Game creator puts Maryland to the trivia testYou're...

SUNDAY SNAPSHOTS

June 05, 1994|By Mary Corey

Game creator puts Maryland to the trivia test

You're heading down the ocean, trapped in a traffic jam the size of Delaware. The kids have given up on the coloring books, video games and renditions of "Ninety-Nine Bottles of Beer on the Wall."

What's a travel-weary parent to do?

Bill King has a suggestion: Try trivia.

Just in time for summer vacations, Mr. King, a former restaurant consultant, has come out with "What'ya Know About Maryland?" --a portable card game of local trivia.

Geography, politics, sports and other topics are covered in this pack of facts, figures and a few misspellings about the state.

For instance, when you visit Ocean City, what county are you in? (Worcester County.) Or, which Marylander was the first director of the Peace Corps? (Sargent Shriver.) Name Maryland's state boat. (The skipjack.)

A lifelong trivia buff, Mr. King, 69, decided to enter the business after retiring last year. His first effort, "What'ya Know About America?" sold 15,000 copies and is also available as a puzzle.

XTC He spent a year researching the Maryland game from the basement office of his East Baltimore home, while his wife, Susan, worked with printers and manufacturers. (The game, which retails for around $8, is available at Celebrate Maryland in Ellicott City or by writing Bill King, 3754 Ravenwood Ave., Baltimore, Md. 21213.)

His ultimate dream is to one day wind up on "Jeopardy!" although he's not certain how he'd fare.

"I'd like to go on if I could pick my own categories," he says. "When you get into opera and plays and physics, you lose me."

Steve Lynch has developed a skill that many would keep confidential: He's a prize-winning fund-raiser.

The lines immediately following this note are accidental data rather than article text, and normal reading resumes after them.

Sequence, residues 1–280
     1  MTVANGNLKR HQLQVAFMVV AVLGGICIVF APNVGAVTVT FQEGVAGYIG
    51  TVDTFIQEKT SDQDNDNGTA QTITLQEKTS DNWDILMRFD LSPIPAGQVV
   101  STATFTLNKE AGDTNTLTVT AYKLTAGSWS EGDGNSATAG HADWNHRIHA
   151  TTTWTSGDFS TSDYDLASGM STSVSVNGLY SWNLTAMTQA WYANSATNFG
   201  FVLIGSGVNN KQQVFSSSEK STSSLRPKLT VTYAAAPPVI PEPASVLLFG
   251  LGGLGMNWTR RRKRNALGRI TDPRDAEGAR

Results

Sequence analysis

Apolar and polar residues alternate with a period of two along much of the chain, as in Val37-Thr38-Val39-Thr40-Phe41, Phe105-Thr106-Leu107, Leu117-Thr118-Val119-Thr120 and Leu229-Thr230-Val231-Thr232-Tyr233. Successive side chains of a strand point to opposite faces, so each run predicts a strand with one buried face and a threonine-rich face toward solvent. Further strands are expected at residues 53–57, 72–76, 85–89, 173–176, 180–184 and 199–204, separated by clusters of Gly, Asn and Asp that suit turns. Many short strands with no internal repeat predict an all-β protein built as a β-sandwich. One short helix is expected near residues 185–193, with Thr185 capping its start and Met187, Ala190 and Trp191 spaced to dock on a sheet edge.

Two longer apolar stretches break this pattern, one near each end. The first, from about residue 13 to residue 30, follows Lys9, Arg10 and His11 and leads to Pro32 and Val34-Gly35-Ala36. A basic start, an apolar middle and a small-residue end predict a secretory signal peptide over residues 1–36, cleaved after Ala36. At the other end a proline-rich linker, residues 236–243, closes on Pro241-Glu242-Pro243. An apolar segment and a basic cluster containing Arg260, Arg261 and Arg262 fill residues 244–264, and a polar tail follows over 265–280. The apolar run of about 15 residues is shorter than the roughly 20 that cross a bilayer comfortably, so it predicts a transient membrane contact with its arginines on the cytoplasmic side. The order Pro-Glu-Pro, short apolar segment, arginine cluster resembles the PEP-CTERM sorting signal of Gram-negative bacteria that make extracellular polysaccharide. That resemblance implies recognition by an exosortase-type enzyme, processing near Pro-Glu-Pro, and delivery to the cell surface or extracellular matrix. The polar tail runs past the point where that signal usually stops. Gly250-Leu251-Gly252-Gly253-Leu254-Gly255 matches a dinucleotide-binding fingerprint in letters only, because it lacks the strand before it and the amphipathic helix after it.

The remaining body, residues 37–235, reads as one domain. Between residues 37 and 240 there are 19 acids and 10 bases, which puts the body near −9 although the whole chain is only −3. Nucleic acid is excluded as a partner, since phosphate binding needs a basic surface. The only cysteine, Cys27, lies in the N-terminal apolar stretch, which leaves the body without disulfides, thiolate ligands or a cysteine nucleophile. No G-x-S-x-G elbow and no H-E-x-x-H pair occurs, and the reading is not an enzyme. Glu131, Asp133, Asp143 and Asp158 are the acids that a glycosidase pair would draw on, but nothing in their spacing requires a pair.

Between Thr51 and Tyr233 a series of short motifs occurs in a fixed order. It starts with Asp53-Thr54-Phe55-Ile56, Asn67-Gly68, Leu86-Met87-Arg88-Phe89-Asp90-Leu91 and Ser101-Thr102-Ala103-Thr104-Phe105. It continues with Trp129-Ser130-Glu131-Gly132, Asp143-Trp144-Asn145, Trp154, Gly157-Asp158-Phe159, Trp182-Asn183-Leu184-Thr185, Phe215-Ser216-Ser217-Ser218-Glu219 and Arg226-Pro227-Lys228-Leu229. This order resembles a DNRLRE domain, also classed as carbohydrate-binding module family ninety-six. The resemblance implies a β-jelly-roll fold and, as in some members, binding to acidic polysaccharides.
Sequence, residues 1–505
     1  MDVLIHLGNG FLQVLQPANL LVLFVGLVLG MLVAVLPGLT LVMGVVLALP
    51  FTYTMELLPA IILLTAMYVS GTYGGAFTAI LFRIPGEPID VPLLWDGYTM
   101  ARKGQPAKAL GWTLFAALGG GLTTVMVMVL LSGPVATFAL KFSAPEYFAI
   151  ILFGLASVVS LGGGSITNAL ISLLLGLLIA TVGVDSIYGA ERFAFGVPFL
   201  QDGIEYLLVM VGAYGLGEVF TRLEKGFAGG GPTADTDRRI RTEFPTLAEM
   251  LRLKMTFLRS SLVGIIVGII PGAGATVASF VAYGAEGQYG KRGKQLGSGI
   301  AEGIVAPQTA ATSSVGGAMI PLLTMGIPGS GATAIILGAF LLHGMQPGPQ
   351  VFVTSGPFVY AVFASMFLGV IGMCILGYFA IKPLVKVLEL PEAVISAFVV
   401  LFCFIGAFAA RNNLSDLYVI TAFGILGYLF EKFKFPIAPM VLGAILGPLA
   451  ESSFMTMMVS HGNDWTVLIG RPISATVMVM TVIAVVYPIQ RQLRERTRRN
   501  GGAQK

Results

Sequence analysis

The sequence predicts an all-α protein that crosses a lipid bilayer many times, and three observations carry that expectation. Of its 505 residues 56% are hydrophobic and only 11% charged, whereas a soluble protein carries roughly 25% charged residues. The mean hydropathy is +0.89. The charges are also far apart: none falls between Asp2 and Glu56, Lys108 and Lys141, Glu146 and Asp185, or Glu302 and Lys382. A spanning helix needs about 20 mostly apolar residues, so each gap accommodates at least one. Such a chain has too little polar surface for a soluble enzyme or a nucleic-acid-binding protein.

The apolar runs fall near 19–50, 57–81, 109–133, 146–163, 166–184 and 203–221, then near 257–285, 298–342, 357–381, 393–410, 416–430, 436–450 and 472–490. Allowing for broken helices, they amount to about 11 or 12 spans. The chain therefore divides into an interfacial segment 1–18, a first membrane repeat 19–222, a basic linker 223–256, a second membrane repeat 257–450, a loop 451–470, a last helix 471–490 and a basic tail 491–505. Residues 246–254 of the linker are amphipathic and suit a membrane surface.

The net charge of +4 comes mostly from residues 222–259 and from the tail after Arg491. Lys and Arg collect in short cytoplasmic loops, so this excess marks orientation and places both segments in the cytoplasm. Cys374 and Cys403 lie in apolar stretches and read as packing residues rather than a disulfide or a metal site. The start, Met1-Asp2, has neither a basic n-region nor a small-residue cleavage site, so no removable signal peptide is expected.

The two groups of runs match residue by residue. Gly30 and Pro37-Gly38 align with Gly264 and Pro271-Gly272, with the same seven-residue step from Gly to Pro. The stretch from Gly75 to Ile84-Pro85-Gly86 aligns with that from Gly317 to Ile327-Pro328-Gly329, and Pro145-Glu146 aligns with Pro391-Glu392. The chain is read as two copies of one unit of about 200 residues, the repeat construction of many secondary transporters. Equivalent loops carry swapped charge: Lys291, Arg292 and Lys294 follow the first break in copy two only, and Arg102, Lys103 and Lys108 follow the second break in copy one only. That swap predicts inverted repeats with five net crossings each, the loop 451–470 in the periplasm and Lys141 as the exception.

It all started five years ago when the Annapolis resident, a sales manager for ITT Automotive, participated in a bike ride sponsored by the American Lung Association of Maryland. He amazed himself, his family and his bike-riding buddies by raising $1,100. Last year, he collected $7,400 and the honor of being the ride's top fund-raiser. He's close to raising $9,000 for the ride scheduled for next weekend on the Eastern Shore.

Mr. Lynch, who calls himself "42 and holding," took up biking about five years ago as a way to get back into shape to play baseball. Now he's devoted to the sport and his Univega Montero, a 21-speed bike, which is a cross between a mountain bike and a street bike.

The key to his fund-raising success, he says, is soliciting money from his customers. This year he has collected 17 donations; the largest -- $1,400 -- is from Interco Parts Corporation of Hauppauge, N.Y. (ITT Automotive matches a percentage of the money he raises and will contribute $3,520.)

"I've got a lot of respect for people who raise money the old-fashioned way, by bugging their friends and getting 15 checks to raise $600," Mr. Lynch says. "That's what I did until I went to one of my customers and said, 'Would you like to donate to this?' and he said, 'How about $400?' and the bells went off."

The Chesapeake Bay Bike Tour, this Saturday and Sunday, is geared to bikers of all levels.

Registration is $35, and all participants must agree to pledge at least $250. (Last year's ride raised $110,000.)

For details, call (800) 642-1184.

Have someone to suggest? Write Susan Hipsley, The Sun, 501 N. Calvert St., Baltimore, Md. 21278, or call (410) 332-6717.

Linell Smith

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